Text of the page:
The excitement I now have in this sport has led to a reduced interest in
the big three American sports. I will still watch the Dallas Cowboys and remain optimistic of that great season that will surely come, but the NFL had talked about a "lockout" while the owners & players union hammered out a new agreement. I decided I didn't care if they played a single game this fall. I'll get up early on weekends to watch the "matches" instead and have a better time doing so.

I haven't yet developed a loyalty to one club. That must happen naturally & not growing up with a club makes the choice difficult. It can't be a conscious decision. I only know that ONE club will NOT be Manchester United. I have no problems with the personalities there, but I always pull for a underdog. It would be cheap to jump on the ManU bandwagon. I have always rooted against the New York Yankees & they have dominated Baseball for most of the last Century. Arsenal's challenging times have made me sympathetic to their side. I like the excitement & potential of Manchester City but have reservations based on their consequence-free spending. Liverpool & Chelsea have a chance to gain my support. If Ashton Villa would show some Champions League potential, I could get behind them. The same goes for Wolves.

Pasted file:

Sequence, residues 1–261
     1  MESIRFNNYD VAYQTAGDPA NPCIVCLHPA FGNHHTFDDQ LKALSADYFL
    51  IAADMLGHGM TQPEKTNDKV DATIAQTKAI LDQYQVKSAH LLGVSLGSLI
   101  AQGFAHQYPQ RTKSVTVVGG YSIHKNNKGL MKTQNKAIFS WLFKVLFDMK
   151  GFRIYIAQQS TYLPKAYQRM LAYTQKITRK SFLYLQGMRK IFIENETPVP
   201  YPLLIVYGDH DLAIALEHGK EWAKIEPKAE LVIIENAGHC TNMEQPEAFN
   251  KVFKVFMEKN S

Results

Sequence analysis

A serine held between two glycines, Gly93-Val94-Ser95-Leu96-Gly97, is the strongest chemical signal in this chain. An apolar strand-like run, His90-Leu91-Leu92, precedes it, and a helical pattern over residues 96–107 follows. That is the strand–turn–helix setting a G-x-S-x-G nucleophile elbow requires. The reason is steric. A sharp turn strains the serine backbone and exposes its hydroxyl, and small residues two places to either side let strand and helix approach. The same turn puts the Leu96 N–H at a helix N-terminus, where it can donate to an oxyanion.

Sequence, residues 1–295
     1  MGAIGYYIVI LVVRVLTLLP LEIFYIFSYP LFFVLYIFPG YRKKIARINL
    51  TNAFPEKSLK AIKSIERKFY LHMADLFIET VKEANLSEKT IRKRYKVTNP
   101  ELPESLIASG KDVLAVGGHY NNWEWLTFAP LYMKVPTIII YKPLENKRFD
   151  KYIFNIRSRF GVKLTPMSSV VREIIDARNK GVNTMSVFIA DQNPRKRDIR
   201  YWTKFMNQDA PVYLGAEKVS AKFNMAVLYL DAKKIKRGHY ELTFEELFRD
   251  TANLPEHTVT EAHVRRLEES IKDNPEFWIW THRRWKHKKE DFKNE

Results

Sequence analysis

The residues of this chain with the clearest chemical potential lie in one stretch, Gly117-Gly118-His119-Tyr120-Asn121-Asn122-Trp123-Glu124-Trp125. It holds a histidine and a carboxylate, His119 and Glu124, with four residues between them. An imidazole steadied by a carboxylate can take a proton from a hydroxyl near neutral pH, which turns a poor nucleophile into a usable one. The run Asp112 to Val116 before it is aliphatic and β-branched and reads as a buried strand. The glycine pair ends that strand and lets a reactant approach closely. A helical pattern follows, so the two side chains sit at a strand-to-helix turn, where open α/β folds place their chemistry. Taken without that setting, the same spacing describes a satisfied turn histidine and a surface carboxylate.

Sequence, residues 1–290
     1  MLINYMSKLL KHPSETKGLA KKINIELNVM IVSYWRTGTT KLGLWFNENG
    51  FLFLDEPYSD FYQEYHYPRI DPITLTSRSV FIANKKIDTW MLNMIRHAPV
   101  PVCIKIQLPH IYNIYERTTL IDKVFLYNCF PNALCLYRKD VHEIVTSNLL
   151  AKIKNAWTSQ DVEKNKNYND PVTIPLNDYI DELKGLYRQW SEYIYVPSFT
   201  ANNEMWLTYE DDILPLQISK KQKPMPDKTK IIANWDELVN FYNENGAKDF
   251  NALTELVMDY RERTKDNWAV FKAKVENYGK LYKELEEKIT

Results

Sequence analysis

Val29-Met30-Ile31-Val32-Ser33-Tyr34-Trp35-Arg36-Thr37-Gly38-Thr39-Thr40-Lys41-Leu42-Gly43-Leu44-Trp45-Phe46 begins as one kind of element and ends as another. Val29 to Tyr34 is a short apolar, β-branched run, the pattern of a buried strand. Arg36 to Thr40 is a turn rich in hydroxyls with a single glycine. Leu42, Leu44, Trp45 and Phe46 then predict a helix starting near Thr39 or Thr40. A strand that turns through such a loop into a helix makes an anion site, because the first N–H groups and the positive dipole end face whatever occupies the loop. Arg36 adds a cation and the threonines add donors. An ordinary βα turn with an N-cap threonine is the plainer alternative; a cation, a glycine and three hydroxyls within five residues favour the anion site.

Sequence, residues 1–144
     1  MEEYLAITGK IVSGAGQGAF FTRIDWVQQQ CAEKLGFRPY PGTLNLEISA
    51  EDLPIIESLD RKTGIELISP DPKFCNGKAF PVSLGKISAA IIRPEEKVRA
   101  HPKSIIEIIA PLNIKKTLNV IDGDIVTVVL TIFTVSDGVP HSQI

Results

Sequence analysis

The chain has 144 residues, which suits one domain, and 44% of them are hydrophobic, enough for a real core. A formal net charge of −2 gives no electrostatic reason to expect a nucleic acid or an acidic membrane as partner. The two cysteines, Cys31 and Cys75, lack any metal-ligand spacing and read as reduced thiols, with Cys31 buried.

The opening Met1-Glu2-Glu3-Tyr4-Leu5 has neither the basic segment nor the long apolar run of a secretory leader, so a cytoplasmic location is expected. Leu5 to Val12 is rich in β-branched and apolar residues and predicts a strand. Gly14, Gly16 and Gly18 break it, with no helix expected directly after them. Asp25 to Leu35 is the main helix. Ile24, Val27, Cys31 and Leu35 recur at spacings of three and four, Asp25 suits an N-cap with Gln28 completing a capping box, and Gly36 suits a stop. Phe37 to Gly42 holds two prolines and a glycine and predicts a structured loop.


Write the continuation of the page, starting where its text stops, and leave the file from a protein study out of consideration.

The case of Leeds United is a fascinating story.  I am still trying to learn the details of just what happened to them. Regardless, if they return to the Premier League my choice for a favorite club would be an easy one.